Have you ever thought, “I know cooking would be healthier and save me money, but I don’t have time/don’t know how/am bad at it”? Yeah, me too. All 3. That’s why I want to give you three easy ways to get started cooking at home. Because believe me, if I can do it, you can do it.
Side note: All of these can be gluten-free by substituting where needed – if you’re gluten-free, you’ll know what to do.
Keeping it simple
I was known as a terrible cook. Occasionally I’d make something decent and whoever ate it (including me!) would be truly shocked that it wasn’t horrible. And I really hated cooking. I’d rather spend my time doing so many other, better things.
Eventually I decided enough was enough. For my health, my budget, and my self-esteem (time to get on with this being-an-adult business) I figured it was time to learn.
So I started simple. Very simple. And went from there. Like with so many things in life, simple was the way to go. So we’re starting with simple.
These meals are all inexpensive because I’m the Nest Egg Chick after all. But they’re also healthy, because I value my health and yours. (I’m no nutritionist though, and everyone is different, so make sure you’re eating the foods that work for you.) Most of us include certain basics in any meal: vegetables, carbs, protein. Keep that in mind whenever you create a meal.
#1 Veggies, beans, and rice
This is one of those meals that looks harder than it is. Ah, just the way I like it. I posted this recipe in the Nest Egg Chick Facebook group recently, so if you’re in the group, you might recognize it. If you’re not a member yet, please join us!
~$6-9 in ingredients should produce enough for 4-6 meals.
- Boil water and add rice – follow the instructions on the bag or box. While that cooks, do the rest.
- Peel and cut up garlic, throw it in a pan with some olive oil. Use however much garlic you like – if you’re like me and you like a lot of garlic, use more (4-5 cloves.) Put on medium-low heat. (Don’t let the garlic burn.)
- Wash and cut up veggies. In this case I used 4 carrots, 1 summer squash, and 2 zucchini. Add to the garlic. (Hint: add the harder veggies first – in this case I put in the carrots and let them cook for several minutes while I cut up the squashes.)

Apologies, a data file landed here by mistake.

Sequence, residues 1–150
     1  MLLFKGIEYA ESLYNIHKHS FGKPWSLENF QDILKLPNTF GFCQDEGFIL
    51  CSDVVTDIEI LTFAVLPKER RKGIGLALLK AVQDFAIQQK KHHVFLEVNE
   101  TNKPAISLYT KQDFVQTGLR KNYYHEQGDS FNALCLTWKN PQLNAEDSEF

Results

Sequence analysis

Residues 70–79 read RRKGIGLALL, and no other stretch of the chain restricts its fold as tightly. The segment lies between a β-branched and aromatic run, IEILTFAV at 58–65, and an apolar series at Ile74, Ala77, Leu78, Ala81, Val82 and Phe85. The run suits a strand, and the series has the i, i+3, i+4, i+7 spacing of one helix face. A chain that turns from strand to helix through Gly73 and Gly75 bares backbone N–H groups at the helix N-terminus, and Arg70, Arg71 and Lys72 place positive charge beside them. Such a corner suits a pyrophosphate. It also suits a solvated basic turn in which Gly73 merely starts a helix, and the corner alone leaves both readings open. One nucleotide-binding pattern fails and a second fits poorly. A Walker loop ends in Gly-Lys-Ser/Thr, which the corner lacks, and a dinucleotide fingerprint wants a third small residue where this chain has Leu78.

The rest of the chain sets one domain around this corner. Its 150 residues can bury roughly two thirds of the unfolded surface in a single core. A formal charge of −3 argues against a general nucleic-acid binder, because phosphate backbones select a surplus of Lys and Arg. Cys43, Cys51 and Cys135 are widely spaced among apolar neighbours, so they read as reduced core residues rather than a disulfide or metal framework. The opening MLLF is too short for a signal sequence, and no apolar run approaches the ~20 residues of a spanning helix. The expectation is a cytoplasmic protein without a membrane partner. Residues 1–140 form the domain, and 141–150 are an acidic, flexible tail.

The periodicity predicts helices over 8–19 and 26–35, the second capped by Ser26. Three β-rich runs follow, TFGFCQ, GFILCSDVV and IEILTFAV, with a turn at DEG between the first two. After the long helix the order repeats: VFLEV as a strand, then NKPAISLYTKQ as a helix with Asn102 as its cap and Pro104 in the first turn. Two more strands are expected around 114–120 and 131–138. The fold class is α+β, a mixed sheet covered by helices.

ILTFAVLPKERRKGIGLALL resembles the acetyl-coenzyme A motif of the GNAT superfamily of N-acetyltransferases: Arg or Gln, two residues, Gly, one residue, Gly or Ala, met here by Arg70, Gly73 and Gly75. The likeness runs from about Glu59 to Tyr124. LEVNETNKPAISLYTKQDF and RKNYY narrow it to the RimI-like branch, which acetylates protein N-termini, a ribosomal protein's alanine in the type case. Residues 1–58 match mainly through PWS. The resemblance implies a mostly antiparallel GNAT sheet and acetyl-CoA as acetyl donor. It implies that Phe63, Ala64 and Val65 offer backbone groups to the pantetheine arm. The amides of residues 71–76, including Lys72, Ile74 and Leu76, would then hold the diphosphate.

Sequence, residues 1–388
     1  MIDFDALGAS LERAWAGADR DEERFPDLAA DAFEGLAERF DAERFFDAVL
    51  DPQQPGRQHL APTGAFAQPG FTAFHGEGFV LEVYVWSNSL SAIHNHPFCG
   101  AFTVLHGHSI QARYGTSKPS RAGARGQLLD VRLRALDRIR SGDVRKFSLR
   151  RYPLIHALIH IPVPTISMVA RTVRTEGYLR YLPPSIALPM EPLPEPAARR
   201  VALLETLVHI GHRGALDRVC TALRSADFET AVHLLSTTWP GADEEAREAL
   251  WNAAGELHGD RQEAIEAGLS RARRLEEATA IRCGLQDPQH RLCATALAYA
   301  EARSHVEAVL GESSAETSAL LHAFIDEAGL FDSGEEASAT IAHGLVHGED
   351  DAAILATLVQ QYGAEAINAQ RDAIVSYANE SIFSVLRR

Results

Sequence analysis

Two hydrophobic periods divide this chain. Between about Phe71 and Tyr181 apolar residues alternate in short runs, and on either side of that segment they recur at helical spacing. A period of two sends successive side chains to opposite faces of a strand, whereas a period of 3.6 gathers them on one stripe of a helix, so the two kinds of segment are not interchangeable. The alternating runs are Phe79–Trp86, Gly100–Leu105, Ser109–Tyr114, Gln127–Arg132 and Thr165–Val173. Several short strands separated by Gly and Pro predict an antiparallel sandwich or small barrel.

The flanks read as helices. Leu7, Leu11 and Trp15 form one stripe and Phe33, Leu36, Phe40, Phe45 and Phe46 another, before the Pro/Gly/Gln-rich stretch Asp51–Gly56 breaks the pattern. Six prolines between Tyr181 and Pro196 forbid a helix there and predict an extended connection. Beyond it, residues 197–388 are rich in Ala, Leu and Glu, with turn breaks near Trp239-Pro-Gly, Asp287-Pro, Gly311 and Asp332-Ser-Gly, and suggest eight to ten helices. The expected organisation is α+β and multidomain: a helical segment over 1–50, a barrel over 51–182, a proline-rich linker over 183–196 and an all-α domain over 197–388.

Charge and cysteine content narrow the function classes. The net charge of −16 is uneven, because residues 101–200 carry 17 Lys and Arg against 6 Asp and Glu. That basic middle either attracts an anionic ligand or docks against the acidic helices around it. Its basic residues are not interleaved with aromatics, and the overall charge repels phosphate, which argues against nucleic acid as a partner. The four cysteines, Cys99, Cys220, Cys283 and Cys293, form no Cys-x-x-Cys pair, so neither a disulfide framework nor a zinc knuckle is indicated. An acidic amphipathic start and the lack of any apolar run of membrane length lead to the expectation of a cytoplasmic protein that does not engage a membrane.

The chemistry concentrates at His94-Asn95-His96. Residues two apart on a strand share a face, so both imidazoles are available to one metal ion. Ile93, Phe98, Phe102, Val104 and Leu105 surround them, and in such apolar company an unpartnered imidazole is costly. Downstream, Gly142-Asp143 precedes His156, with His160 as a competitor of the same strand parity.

- Let cook for a while. Stir every couple minutes
- Rinse a can of cannellini beans. These have lots of nutrients. Dry beans are even better, but we’re starting easy. When the veggies have started to turn soft and are almost done, add the beans. These cook fast.
- Add some salt and pepper. Add other spices you like (I used parsley.) Start with a little, taste, and add more as needed. This can mean you’ll do a lot of tasting – one of the best parts of cooking!
This was so fast that when the beans and veggies were done, I had time to read for a bit while I waited for the rice to finish.
#2 Eggs, avocado, toast, and veggies
Eggs are awesome. They’re inexpensive and nutritious. They’re also easy to cook and super versatile. You can poach them, fry them, scramble them, hard boil them, soft boil them, and so much more.
Today we’re keeping it simple:
~$2 for a meal.
- Put toast in the toaster.He
- at a bit of oil in a pan – not too much.
- Crack each egg into the pan. Don’t worry if the yolks break – as you practice over time, you’ll get the hang of it.
- Add stuff to the eggs. Sprinkle evenly over the top. I like to add some cut up garlic (1/2 clove), cut up scallions (2), a pinch of salt, a pinch of pepper, and in this photo there’s also parsley.
- Check the eggs after a few minutes (in the meantime, move on to the next steps.) When the bottoms are golden brown, put a spatula under them and flip them over. This takes some practice, but you’ll get it. Cook until the second side is also brown.
- Cut an avocado in half. Cover 1/2 with plastic wrap and put it back in the fridge.